John McCain Backs Air Strikes, Special Forces For Iraq And Syria

John McCain Backs Air Strikes, Special Forces For Iraq And Syria

WASHINGTON -- Sen. John McCain (R-Ariz.) ratcheted up the pressure on the Obama administration Thursday over the growing crisis in Iraq, calling for air strikes and special forces on the ground to arrest the advance of Sunni insurgents.

McCain is one of many Republicans who have been critical of President Barack Obama for, as they see it, allowing Iraq to fall into chaos. But he became one of the few to suggest a course of action in a Senate floor speech.

"So what do we need to do?" McCain said, remarking that the first step is to oust the current leader of Iraq, Prime Minister Nouri al-Maliki, a Shiite who has been criticized for failing to include Sunnis in government.

"Of course Maliki has to be transitioned out," McCain said, although the Obama administration has said it is not interested in meddling with the leadership of Iraq. "But the only way that's going to happen is for us to assure Iraqis that we will be there to assist. And let me make it clear: no one that I know wants to send combat troops on the ground, but airstrikes are an important factor, psychologically and many other ways, and that may require some forward air controllers and some special forces."

McCain and several GOP colleagues who joined him on the floor to berate Obama's foreign policy also argued that the al Qaeda-affiliated group behind the offensive, the Islamic State in Iraq and Syria, is gaining ground because Obama failed to cut an agreement with Iraq to keep U.S. forces there.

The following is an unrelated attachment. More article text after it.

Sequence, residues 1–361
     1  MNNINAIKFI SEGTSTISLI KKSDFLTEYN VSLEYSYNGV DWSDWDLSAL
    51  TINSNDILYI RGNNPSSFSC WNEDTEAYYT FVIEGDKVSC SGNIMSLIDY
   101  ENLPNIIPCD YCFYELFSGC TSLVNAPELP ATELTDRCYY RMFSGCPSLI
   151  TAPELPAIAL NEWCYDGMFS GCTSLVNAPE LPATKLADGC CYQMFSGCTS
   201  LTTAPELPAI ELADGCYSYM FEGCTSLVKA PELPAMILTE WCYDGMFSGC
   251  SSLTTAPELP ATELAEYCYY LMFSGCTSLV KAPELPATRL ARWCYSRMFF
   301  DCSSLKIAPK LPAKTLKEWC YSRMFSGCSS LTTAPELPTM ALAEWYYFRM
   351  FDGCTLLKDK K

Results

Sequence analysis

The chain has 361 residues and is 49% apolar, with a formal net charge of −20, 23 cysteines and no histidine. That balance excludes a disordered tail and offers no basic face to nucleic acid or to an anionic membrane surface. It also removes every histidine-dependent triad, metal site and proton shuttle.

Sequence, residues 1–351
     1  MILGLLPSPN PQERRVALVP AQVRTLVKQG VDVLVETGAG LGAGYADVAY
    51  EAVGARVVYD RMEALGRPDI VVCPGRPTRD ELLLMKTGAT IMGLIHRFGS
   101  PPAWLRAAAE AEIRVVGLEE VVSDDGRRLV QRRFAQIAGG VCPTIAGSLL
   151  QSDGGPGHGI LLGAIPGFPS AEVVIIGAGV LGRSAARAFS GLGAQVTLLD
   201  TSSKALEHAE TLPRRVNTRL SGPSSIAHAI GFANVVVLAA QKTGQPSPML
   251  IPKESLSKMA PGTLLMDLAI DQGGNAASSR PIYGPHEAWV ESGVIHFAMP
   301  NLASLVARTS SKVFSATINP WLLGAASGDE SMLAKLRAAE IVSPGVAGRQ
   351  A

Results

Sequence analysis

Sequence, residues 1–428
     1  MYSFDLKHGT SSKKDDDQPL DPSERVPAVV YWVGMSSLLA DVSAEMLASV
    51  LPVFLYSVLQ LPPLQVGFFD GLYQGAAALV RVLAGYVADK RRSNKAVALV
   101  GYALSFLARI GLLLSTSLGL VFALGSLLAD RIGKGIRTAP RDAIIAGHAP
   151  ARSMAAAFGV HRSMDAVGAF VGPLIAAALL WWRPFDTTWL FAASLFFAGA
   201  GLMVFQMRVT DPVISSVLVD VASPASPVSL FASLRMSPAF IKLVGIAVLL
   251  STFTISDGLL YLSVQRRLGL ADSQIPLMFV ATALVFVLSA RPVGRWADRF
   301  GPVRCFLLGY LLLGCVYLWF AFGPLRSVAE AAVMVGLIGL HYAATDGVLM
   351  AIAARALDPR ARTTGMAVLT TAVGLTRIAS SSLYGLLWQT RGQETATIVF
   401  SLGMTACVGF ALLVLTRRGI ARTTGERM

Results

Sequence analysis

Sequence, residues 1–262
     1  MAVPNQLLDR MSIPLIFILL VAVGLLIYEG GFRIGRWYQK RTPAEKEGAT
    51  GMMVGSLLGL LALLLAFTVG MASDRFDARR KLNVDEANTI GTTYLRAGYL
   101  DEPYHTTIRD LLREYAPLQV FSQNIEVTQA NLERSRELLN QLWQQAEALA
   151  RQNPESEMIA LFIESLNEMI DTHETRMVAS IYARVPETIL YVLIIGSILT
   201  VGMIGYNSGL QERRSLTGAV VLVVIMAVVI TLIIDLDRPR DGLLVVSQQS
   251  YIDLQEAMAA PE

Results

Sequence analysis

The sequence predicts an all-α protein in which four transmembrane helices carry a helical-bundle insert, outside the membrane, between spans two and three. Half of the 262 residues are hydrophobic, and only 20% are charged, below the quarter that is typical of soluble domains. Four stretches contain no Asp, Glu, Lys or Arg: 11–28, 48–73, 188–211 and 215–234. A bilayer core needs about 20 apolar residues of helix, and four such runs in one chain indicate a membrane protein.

Now the United States faces nothing but bad options in the region, McCain said, and it's time to strike, both in Iraq and Syria.

"We cannot afford to allow a Syria-Iraq enclave that will pose a direct threat to the United States of America, and if we act, we are going to have to act in Syria as well," McCain said.

Obama was expected to address the unfolding crisis later Thursday. House Minority Leader Nancy Pelosi (D-Calif.) suggested Democrats might not be interested in using special forces, saying in her weekly news conference, "You have to be careful sending special forces because it's a number that has a tendency to grow."

She didn't rule out air strikes, and left the decision to Obama, saying he has the authority he needs to take action.

Sabrina Siddiqui contributed reporting.

Michael McAuliff covers Congress and politics for The Huffington Post. Talk to him on Facebook.

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